Sunday, April 19, 2009

Making Food Reviews a Science

In the 80s, thousands of Coca-Cola drinking Filipinos were surprised - offended even - to discover in a blind taste test, administered in Church plazas, street corners and schools nationwide, they did in fact prefer the taste of another cola. Millions of advertising pesos and years of brainwashing were stripped away when the consumer was made to choose his preference based on nothing else but how one's tongue responded to two unmarked cups of brown swill.

We all have our favorite foods that we rave about in parties or force suitors to find in the middle of the night. If this discovery is unknown to the general populace, the joy is multiplied tenfold at having this succulent secret to oneself, to be shared only with one's nearest and dearest foodies. The conviction among foodies that their favorites are truly the best to be found in Manila is so strong people are willing to stake their names on it (for whatever random value that is worth). To give some structure to the debate of who in fact has found the universal favorite, the idea of the horizontal tasting for food was born.

Horizontal tastings are traditionally done with wines, where wines from different vineyards but of the same vintage are compared in unmarked glasses. Just fyi, a vertical tasting is applying the same blind comparison between wines of different vintages from the same vineyard. Our version of horizontal tasting involves bringing in different brands of one dish.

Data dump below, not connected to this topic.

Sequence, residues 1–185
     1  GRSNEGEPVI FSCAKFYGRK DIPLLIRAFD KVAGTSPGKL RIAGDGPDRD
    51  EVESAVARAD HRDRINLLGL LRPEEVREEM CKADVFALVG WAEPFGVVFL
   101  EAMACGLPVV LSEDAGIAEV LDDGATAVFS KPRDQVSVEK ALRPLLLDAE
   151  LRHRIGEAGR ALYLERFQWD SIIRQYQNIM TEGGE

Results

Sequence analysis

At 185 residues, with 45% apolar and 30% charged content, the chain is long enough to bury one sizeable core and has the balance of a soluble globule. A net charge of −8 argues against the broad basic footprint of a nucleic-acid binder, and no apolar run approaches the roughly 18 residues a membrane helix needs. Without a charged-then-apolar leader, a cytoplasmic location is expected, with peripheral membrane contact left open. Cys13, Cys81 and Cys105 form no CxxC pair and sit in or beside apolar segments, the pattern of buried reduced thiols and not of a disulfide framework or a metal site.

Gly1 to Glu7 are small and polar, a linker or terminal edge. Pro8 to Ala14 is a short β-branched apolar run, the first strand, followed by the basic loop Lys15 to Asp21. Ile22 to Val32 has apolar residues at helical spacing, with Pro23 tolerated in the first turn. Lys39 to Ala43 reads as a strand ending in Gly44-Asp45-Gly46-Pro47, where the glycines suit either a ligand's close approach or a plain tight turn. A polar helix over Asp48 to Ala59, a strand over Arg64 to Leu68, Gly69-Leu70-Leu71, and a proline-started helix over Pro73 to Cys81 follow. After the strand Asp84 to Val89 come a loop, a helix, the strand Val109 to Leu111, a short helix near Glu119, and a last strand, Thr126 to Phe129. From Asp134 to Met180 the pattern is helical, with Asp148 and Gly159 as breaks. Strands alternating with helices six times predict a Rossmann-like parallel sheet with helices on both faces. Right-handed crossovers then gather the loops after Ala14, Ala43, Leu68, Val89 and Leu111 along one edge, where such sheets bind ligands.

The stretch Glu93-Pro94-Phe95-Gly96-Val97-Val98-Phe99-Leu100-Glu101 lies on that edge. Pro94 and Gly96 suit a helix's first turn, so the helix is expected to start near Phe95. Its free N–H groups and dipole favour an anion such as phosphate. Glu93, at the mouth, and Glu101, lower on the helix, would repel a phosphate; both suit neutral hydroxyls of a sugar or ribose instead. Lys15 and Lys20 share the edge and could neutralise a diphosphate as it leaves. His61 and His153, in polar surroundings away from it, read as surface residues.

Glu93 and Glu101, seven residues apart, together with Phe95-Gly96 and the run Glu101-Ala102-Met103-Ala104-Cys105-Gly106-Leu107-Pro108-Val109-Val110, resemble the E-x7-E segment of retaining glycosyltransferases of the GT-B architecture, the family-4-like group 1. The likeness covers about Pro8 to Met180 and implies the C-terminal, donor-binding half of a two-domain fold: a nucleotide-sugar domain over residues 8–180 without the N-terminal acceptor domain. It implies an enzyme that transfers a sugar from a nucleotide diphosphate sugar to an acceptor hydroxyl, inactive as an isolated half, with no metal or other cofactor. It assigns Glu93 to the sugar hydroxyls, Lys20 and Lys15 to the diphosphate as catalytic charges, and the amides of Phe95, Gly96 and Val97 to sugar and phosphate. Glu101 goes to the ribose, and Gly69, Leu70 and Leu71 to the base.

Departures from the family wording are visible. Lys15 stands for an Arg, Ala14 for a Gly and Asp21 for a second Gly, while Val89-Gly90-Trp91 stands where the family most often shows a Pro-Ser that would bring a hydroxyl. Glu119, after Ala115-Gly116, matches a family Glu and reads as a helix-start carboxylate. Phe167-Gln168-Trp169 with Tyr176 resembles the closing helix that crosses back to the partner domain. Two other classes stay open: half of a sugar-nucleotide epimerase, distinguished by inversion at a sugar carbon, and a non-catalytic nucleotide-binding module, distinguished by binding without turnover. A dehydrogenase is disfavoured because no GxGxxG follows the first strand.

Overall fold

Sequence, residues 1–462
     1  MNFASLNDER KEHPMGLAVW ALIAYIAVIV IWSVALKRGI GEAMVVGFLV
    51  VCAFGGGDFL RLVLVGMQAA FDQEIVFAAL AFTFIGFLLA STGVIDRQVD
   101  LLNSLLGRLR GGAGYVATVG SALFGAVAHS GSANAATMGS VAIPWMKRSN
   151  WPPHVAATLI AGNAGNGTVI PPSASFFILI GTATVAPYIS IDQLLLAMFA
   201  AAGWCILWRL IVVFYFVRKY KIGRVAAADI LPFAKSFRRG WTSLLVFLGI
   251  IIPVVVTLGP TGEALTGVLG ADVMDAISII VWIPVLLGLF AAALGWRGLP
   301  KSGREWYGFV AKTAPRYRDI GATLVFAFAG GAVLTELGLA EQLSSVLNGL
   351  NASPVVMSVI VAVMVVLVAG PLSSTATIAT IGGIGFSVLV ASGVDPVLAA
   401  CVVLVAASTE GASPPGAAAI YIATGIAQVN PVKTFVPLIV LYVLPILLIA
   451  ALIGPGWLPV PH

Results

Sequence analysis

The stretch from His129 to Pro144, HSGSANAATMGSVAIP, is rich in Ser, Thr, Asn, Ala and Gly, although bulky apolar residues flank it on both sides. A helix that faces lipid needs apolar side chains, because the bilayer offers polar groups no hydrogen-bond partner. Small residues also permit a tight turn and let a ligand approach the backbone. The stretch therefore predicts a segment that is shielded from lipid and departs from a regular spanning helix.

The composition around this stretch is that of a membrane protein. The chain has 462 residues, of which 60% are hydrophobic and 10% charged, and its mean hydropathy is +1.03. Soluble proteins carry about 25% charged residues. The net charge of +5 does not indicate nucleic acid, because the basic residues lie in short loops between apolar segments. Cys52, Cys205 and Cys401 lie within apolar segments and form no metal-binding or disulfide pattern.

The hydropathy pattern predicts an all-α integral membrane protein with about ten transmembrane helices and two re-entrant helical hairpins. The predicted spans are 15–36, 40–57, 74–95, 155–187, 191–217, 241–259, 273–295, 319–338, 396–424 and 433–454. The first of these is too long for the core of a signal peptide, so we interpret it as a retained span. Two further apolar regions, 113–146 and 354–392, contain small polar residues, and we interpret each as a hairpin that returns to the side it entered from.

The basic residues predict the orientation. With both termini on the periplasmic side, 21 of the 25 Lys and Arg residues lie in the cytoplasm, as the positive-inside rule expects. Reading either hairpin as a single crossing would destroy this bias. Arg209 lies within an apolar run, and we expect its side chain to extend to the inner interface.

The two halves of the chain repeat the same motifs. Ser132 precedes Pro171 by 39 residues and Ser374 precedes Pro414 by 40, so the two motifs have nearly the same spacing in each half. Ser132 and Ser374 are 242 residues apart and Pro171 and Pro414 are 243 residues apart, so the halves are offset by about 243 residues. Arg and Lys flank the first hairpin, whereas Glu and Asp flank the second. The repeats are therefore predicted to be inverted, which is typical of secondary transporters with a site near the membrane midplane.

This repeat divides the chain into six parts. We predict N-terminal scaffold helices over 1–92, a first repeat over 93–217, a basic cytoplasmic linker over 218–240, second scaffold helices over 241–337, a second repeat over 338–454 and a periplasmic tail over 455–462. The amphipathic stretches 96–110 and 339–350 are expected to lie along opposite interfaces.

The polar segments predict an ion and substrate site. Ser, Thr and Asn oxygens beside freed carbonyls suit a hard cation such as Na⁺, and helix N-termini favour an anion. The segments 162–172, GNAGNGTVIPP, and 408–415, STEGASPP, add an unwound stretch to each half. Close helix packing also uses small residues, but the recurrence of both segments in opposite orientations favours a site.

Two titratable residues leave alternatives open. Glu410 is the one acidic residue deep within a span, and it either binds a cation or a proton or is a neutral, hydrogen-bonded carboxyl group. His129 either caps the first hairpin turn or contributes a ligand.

It began with a blind tasting of four sans rival cakes, brought in from near and far (as in the winner was from Dumaguete!). The second horizontal tasting, held only after the testers' taste buds and cholesterol counts had recovered from the first, was a competition among plain cheesecakes. The third tasting, sponsored by Food magazine, was a battle of the pork barbecues. And most recently, there was a heart-clogging competition among too many cheese ensaymadas.

Anyone is welcome to join these horizontal tests, for as long as they bring enough samples of their "manoks" or prized contenders to the table to be taste-tested by others as well (the cost of the combined orders is divided among the testers). Each dish is stripped of packaging by the kitchen staff and is laid bare on numbered plates. Testers are given a scorecard wherein they rate each contender based on certain relevant criteria, such as taste, appearance, texture etc. Only after the results are tabulated can the brand name of each item be revealed.

Having joined two horizontal tests myself, I can attest it's not as simple as it sounds. As the endorser of one contestant, you will be dismayed to discover that other testers see things differently from you (apparently, some people like their ensaymadas dry!). In the barbecue test, I protested when some barbecues (such as Reyes and Aling Nene) where not allowed to have their signature sauces served alongside them. The meat was supposed to stand on its own merit, unadorned. The sauces were laid on the table for the diners to mix and match with other brands as well. Lastly, the "umay" factor when you are tasting more than 10 similar things in succession is considerable. In lieu of palate cleansing sorbets, we have resorted to taking steak breaks in between bites of sans rival-- or just throwing some table salt onto our tongues if we want to save space in our tummies.

This blog is the first public record of the results of these grueling, but oh so delicious horizontal tests. If you would like to propose a new horizontal test, (next one up is a Chicken Inasal fight), or you would like to join any of these events, let us know because a bigger sample pool is in everyone's interest. It is also better for us to have more testers to bring in different perspectives.

We look forward to doing battle with your "manoks" in the horizontal wars ahead of us! Bon Appetit.


No comments:

Post a Comment